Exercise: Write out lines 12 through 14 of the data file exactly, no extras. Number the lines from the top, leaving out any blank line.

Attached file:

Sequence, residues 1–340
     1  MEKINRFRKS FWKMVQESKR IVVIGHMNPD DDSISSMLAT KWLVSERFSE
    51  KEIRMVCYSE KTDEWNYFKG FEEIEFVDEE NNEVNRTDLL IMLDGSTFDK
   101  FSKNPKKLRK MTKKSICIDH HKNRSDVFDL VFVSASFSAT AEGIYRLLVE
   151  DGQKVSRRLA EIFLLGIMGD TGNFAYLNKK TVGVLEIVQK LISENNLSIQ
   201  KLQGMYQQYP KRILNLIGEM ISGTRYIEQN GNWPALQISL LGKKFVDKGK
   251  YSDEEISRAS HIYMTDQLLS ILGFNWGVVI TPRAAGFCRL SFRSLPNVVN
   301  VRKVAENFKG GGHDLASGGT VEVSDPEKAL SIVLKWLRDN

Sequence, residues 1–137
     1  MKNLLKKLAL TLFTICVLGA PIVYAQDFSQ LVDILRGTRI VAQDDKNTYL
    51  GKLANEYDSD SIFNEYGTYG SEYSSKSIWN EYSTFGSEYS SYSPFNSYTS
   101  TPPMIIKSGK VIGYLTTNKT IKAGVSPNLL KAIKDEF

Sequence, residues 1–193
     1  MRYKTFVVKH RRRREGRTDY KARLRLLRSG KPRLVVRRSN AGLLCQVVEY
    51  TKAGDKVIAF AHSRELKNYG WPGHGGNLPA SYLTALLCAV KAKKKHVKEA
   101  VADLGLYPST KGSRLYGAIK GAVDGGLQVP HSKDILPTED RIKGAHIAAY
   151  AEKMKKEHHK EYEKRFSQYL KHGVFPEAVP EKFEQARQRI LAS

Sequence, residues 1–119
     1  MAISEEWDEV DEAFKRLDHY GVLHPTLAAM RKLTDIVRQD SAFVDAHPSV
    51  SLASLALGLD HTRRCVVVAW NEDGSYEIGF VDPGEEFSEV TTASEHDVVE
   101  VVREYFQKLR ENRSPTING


   101  TPPMIIKSGK VIGYLTTNKT IKAGVSPNLL KAIKDEF

Sequence, residues 1–193
     1  MRYKTFVVKH RRRREGRTDY KARLRLLRSG KPRLVVRRSN AGLLCQVVEY